Patients, families and their representatives
We scheduled a meeting of local charities and patient groups for 7 August. A few people told us they could not make this meeting because of the school holidays and other pressures on their time as volunteers and carers. We decided to go ahead with the meeting anyway, because most of those we invited could attend and we did not want to delay any further this important meeting. But we do recognise the difficulty of finding times and dates that are convenient for everyone who wants to participate and we will give this careful thought as part of our “stakeholder engagement” plan. I will say more about this plan in a future blog. The enclosed note sets out the main points from the 7 August discussion.
Clinicians and their organisations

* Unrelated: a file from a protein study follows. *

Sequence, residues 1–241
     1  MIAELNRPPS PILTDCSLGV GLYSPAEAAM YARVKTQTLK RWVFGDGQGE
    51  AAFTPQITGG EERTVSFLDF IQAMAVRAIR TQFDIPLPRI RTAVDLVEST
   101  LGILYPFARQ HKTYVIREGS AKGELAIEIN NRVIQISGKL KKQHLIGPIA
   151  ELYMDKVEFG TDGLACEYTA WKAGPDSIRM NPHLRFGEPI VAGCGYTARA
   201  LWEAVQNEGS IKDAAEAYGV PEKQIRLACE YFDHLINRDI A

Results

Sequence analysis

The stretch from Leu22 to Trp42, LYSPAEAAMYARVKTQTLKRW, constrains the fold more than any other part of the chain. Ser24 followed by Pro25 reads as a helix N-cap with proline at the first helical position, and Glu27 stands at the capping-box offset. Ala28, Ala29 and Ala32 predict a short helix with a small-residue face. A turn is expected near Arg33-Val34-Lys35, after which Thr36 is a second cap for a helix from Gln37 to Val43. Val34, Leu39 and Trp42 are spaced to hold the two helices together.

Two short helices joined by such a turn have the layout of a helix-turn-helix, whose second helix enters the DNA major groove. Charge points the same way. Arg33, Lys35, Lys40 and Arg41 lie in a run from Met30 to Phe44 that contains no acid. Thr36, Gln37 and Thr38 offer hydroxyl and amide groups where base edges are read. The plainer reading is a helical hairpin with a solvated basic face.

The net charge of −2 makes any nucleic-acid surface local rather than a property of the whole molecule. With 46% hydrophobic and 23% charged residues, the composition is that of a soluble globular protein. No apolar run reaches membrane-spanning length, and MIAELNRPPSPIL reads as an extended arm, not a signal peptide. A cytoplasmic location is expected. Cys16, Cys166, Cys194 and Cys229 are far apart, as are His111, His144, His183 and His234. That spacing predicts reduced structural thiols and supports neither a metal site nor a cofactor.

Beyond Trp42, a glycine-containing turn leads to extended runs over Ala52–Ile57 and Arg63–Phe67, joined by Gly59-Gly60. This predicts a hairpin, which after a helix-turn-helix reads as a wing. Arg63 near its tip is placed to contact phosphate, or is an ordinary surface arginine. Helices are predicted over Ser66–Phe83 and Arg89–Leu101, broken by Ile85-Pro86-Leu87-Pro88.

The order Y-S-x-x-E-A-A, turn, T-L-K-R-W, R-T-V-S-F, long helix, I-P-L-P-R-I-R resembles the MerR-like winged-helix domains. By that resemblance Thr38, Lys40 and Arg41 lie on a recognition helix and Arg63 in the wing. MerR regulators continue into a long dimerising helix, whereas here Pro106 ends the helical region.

NHS England is responsible for all specialised commissioning, including services for congenital heart disease (CHD). It has established clinical reference groups (CRGs) across the full range of specialised services, to provide clinical advice. The CRGs are made up of clinicians, commissioners, Public Health experts and patients and carers who use the relevant specialised services. Together the members form a group which can advise with authority and expertise about a particular area of specialised healthcare. One of the CRGs is specific to congenital heart disease and is chaired by Dr Graham Stuart, a consultant cardiologist at University Hospitals Bristol. More information about the group can be found here:Clinical Reference Group E05 Congenital Heart Services. At its meeting on 30 July, the group received an update on the new CHD review. You can read about the relevant points made in discussion here.